Community Events: Trunk or Treat

   10.27.22

Community Events: Trunk or Treat

Given some of the chaos that is going on in our cities and the rising crime and unrest, letting our “littles” go door to door, seeking candy is becoming a thing of the past. It would be great to return to the days of near-universal trust in our neighbors on Samhain, but we simply have to be more diligent and protective. ( I know some locations are still safe and fun, but for those of us in bigger cities, it is a challenge).

Good day everyone and welcome to a new installment of AllOutdoor's Off-Road and Overlanding series brought to you by onX Offroad--mapping software for all your adventures.

As a response to this, one of the things we are seeing spread through the off-road communities is the idea of “Truck or Treat.” Local clubs join up with local businesses, take over a parking lot, and dole out candy and treats from the backs of trucks. Some vehicle owners even “costume” up their rigs for a more festive feel. This is not a new idea, but it is definitely proliferating.

 

These events either take place on the 31st (taking the place of a traditional neighborhood crawl) or happen on the weekend prior. Many locations will invite food trucks, rent bouncy houses (or other features to entertain the kids after they have claimed all of the available treats), and create a little mini-festival. Adults can socialize while the kids run around in a contained location that is generally a lot safer than open neighborhoods. Plus, you can be sure that the treats given out are safer than that of random houses–we haven’t heard of any instances where an attendee of a “Truck or Treat” passed out tainted candy or otherwise acted with malice.

Bouncy houses for the kids after they have scored candy and treats at all of the trucks.

If you want to entice adults, you can pass out stickers and patches rather than candy or discount codes to your favorite off-road services and products (shameless plug for onX Offroad, the sponsor of this series).

Some vehicles are not even overlanders, and these events can become part car show.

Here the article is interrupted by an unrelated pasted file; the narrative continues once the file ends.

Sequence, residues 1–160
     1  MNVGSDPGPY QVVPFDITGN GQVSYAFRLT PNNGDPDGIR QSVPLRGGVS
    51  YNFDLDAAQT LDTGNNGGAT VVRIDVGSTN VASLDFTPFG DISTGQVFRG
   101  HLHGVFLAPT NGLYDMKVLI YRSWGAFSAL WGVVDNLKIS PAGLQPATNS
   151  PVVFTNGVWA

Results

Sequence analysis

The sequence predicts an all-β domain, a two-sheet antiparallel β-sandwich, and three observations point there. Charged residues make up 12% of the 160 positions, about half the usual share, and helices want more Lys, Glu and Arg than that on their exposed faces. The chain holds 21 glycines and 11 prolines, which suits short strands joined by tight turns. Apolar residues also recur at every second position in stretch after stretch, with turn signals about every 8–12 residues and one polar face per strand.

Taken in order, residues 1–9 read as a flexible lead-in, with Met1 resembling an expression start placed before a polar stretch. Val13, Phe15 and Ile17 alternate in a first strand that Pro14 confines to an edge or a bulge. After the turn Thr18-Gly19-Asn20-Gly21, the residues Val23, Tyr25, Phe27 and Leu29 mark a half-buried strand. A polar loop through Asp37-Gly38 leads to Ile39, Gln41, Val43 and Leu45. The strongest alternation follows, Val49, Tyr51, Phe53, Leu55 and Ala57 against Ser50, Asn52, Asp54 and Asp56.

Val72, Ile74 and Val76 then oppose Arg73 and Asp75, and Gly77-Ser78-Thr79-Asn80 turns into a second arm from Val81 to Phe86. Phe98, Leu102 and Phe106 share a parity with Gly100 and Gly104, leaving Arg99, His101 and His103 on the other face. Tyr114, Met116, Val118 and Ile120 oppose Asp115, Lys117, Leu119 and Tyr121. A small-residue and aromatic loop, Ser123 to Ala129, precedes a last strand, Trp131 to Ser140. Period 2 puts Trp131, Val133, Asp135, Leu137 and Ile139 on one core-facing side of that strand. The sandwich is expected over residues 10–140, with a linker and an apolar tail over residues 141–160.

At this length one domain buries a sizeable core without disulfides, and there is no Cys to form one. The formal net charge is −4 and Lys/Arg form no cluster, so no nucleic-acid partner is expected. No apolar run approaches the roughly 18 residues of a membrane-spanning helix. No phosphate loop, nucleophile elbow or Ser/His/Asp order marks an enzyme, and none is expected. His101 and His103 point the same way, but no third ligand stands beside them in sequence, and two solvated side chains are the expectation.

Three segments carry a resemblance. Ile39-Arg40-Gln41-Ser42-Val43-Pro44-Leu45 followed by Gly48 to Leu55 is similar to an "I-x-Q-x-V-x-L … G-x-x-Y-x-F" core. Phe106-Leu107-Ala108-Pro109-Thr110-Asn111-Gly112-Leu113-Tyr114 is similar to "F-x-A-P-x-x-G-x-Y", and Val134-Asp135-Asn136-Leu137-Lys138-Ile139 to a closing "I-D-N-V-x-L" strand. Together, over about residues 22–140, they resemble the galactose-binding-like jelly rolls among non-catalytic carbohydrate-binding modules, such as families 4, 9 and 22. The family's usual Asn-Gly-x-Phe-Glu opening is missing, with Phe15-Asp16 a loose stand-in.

This year, one of our newer clubs organized an event along with a local business (Trucks Unique) with dozens of attendees, some of whom were not part of the clubs. Partnering with local businesses allows everyone to spread the word and share within different social networks. On relatively short notice, the club and business were able to bring in food trucks, a bouncy house, and a bunch of rigs. It was run during the middle of the day and even helped raise some donations for a local charity.

In addition to candy for the kids, the adults could win prizes if they modded up their vehicles for the festivities. The winner was a local that also sets up crazy yard decorations and a haunted house (of which the truck is a component), and for which they raise food donations for families in need. https://www.krqe.com/news/albuquerque-metro/trujillos-halloween-and-christmas-display-kicks-off-donation-drive/

If you have a local club, this is a good way to invite members of the community, interface and collaborate with local businesses, and provide a safer environment for kids to parade around in costumes and beg for treats. One of the ways we, as off-road/Overland enthusiasts, help keep trails open and dialog flowing is by working within our communities to spread awareness–events like “Truck and Treats” are great places to engage with the public and promote our hobby and culture.

Off-Road and Overlanding is sponsored by

To subscribe, visit: https://subscribe.onxmaps.com/offroad/purchase/membership

Avatar Author ID 94 - 42295188

Tom is a former Navy Corpsman that spent some time bumbling around the deserts of Iraq with a Marine Recon unit, kicking in tent flaps and harassing sheep. Before that, he was a paramedic somewhere in DFW, also doing some Executive Protection work between shifts. Now that those exciting days are behind him, he has embraced his inner “Warrior Hippie,” and assaults 14er in his sandals, and engages in rucking adventure challenges while consuming copious water. To fund these adventures, he writes all manner of content (having also held editor positions at several publications) and teaches wilderness medicine and off-road skills. He hopes that his posts will help you find the gear that will survive whatever you can throw at it (and the training to use it). Learn from his mistakes--he is known (in certain circles) for his curse...ahem, ability...to find the breaking point of anything. You can follow him at https://linktr.ee/docrader.

Read More